In September, we announced the amendment and extension of our $300 million revolving credit facility, ensuring a strong capital structure for the Company into the future.

So, with that, I will now turn the call over to John Saunders, he is going to tell you a little bit more about the third quarter and the outlook for 2016. Thank you.

John Saunders

Thanks Lesa and good morning everyone. Before we discuss the results of the quarter, I want to provide you an update following Hurricane Matthew that hit Florida’s East Coast last weekend. We did receive moderate damage around Daytona International Speedway and are currently assessing the extent of that damage. We expect the financial impact which will be mostly recognized through operating expenses in our fourth quarter of fiscal 2016 will not exceed $0.01 earnings per share. I am pleased to report the new motorsports stadium, DAYTONA Rising, received no structural damage. Also there was no significant damage reported at ONE DAYTONA. We are moving forward with all construction and remain on schedule as we look forward to the planned opening of Cobb Theatres later this year.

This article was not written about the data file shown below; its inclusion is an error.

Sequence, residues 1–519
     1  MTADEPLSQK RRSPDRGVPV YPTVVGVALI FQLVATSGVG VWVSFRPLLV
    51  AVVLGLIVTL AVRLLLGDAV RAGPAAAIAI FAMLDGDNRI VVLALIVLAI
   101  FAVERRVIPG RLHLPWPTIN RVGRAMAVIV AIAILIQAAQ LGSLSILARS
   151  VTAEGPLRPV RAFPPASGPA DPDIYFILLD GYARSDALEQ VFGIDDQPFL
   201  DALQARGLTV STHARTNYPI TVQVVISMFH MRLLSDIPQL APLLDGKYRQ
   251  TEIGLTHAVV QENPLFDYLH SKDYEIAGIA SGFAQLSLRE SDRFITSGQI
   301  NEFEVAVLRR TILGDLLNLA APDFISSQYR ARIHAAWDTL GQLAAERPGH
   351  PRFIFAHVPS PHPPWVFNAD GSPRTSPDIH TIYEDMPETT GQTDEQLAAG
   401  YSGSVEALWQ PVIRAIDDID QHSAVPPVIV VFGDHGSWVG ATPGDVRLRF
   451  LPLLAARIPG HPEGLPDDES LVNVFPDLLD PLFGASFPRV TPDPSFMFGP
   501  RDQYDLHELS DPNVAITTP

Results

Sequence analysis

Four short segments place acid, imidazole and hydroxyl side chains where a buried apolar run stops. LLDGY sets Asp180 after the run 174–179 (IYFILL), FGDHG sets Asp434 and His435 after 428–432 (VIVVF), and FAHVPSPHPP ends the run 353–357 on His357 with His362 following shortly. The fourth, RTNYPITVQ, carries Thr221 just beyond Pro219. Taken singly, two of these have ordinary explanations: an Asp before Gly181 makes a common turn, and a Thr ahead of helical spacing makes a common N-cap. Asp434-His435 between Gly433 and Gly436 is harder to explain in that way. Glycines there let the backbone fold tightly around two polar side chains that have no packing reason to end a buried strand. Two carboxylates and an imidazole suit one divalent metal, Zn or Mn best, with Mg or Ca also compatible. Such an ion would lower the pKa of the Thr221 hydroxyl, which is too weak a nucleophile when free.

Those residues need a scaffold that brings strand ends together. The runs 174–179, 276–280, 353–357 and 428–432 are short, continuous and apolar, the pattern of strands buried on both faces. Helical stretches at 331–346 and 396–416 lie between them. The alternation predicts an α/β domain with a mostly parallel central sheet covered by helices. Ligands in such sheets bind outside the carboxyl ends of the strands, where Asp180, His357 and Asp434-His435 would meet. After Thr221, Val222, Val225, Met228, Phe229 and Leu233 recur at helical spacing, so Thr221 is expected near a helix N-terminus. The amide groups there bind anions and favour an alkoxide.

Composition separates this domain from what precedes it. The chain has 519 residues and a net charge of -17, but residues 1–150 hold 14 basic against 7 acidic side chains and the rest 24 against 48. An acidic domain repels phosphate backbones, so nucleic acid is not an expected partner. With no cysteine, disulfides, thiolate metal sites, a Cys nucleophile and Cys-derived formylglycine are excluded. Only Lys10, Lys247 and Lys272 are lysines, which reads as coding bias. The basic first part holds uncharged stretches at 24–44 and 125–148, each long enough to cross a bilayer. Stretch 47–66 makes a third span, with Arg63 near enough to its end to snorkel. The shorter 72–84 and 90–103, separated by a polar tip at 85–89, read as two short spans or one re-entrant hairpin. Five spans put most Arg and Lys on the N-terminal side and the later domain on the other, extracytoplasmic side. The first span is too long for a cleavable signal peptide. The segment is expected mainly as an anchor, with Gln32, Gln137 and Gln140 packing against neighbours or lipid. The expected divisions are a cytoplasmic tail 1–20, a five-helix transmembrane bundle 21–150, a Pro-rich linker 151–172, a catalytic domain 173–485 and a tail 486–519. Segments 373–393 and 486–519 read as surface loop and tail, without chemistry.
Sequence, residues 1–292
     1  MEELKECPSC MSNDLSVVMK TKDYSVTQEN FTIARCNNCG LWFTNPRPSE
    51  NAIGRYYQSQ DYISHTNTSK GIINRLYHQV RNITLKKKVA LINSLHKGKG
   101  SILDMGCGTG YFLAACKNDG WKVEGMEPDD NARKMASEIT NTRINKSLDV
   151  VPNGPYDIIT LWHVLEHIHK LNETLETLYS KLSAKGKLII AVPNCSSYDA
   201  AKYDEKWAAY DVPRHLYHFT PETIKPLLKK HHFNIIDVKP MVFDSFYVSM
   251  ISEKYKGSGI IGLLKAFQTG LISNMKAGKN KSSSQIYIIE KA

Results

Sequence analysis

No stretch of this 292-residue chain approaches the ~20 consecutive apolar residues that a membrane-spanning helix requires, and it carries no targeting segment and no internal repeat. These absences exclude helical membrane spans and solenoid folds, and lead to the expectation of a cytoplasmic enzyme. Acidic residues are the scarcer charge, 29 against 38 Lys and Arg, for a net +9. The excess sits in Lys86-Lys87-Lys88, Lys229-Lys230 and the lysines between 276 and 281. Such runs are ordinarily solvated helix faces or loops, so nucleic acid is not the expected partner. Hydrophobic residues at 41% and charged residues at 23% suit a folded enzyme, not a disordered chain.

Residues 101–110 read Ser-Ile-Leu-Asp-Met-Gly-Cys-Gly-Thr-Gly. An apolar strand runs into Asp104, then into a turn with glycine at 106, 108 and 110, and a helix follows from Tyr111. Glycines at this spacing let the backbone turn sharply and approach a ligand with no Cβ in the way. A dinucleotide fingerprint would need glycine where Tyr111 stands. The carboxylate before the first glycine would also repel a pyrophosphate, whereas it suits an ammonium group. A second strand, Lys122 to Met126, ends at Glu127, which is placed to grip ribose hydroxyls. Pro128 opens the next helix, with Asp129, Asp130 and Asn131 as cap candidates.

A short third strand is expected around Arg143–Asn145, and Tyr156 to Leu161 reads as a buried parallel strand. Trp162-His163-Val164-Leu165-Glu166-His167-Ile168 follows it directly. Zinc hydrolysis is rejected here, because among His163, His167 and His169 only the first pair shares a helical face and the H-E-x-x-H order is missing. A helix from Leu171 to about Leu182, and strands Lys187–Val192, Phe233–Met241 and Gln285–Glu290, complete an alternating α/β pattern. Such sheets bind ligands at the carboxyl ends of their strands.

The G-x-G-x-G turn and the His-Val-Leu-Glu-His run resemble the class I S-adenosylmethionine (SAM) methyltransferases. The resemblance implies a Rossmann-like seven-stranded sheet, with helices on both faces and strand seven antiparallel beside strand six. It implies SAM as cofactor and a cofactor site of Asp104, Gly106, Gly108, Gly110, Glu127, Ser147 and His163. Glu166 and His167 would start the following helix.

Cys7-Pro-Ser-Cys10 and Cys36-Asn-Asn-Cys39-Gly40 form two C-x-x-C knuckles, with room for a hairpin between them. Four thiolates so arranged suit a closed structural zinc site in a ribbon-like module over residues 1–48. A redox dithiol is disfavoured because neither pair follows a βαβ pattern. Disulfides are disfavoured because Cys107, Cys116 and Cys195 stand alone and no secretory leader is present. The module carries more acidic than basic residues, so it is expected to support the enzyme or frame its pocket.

As reported last week, we had an exciting third quarter. We hosted four NASCAR Sprint Cup weekends and IMSA event at Watkins Glen and an NHRA event at Route 66 Chicagoland. During the third quarter, we also hosted two music festivals promoted by our partner Live Nation including the fourth annual Faster Horses in Michigan and HARD Summer at Auto Club Speedway. These were a great complement to the Country 500 music festival promoted by AEG at DAYTONA in our second quarter. The large footprint and camping amenities at our facilities position us to provide a great guest experience for these multi day events.